Researchers Try to Explain How Perfect Pearls Form

Jun 20, 2013 by

According to scientists writing in the journal Langmuir, the mystery of how pearls form into the most perfectly spherical large objects in nature may have an unlikely explanation.

White pearl necklace (Tanakawho / CC BY 2.0)

White pearl necklace (Tanakawho / CC BY 2.0)

Dr Julyan Cartwright from the CSIC – Universidad de Granada in Spain and colleagues point out that the most flawless and highly prized pearls have perhaps the most perfectly spherical, or ball-like, shape among all the objects in nature that are visible without a microscope.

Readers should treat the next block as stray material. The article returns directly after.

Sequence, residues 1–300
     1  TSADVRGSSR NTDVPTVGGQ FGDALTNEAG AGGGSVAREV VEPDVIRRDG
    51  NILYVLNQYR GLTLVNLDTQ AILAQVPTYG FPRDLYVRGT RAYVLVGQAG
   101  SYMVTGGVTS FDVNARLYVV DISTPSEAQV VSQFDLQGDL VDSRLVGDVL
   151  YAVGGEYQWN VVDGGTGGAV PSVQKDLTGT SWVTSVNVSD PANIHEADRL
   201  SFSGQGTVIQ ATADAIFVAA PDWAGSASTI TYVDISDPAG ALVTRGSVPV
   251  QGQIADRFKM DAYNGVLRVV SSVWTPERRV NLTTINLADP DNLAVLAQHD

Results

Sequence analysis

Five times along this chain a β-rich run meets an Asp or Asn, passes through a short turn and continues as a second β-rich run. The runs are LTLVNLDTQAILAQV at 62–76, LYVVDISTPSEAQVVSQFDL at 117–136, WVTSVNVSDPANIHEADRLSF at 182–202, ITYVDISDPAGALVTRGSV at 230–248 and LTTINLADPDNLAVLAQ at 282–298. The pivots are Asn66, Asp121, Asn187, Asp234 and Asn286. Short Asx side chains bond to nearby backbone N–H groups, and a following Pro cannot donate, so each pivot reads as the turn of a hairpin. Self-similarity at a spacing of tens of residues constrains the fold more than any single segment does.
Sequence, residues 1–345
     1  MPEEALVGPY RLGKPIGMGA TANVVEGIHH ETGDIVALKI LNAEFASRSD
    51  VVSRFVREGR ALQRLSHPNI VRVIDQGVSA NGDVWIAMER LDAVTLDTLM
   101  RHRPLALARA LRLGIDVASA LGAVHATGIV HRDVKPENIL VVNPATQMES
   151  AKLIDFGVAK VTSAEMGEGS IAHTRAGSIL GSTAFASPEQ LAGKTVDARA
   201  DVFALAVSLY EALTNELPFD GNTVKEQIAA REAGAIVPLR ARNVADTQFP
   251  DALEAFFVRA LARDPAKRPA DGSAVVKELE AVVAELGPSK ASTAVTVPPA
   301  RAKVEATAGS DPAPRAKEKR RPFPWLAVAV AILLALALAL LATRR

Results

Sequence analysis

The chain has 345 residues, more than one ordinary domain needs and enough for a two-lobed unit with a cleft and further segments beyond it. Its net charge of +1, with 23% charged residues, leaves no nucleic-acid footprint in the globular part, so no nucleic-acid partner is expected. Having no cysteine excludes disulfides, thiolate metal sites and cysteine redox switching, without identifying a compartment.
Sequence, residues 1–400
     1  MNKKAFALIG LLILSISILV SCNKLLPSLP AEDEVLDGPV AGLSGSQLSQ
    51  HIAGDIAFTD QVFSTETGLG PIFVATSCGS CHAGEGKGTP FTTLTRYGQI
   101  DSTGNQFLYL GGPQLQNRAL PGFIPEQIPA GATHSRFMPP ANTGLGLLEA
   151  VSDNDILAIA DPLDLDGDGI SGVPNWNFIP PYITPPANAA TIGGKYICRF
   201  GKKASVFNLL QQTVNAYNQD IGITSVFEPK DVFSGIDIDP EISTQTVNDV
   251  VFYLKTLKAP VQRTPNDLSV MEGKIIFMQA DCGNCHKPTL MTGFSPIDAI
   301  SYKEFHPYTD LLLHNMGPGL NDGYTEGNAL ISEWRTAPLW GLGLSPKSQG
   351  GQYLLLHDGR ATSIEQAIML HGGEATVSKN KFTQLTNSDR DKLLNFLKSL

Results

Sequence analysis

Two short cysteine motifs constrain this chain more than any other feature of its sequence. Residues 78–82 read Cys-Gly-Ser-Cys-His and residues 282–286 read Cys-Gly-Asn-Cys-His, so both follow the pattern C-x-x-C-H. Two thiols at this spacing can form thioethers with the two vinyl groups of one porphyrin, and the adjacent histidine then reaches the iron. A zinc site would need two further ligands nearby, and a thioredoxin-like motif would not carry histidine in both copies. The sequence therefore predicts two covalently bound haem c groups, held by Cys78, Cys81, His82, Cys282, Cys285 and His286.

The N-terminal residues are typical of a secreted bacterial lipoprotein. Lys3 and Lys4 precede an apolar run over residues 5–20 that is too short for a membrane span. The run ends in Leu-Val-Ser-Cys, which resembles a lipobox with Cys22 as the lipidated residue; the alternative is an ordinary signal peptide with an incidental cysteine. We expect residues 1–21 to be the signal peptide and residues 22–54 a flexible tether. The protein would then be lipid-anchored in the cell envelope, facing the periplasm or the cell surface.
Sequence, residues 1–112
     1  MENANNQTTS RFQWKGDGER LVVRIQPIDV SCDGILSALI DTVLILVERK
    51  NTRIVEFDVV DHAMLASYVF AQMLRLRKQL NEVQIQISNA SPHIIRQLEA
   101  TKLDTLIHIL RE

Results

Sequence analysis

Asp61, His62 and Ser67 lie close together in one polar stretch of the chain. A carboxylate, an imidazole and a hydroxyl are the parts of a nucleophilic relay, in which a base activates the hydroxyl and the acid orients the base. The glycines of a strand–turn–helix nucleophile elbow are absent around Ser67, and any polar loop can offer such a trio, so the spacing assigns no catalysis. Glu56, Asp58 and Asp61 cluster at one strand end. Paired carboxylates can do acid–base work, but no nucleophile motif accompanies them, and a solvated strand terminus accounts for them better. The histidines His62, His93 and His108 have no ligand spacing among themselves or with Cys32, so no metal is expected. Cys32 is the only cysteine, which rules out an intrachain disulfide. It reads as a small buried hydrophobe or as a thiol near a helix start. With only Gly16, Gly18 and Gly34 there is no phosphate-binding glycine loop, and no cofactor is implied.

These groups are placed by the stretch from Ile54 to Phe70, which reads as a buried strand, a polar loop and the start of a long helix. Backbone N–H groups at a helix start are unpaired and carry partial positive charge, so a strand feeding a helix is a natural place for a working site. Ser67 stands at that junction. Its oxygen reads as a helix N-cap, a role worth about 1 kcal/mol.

Pearls develop as nacre and other liquids accumulate around grains of sand or other foreign objects inside certain oysters and other shellfish.

“But how do pearls grow into such perfect spheres?”

“The answer may be relatively simple — with developing pearls having a saw-toothed, or ratchet-like, surface,” Dr Cartwright and his colleagues said.

That texture generates forces that make the pearl turn inside the oyster’s tissues in response to movements in the environment.

“The result is a spherical build-up of nacre and other textures. Rotating pearls are a perhaps unique example of a natural ratchet,” the scientists concluded.


Bibliographic information: Julyan H. E. Cartwright et al. Pearls Are Self-Organized Natural Ratchets. Langmuir, published online May 31, 2013; doi: 10.1021/la4014202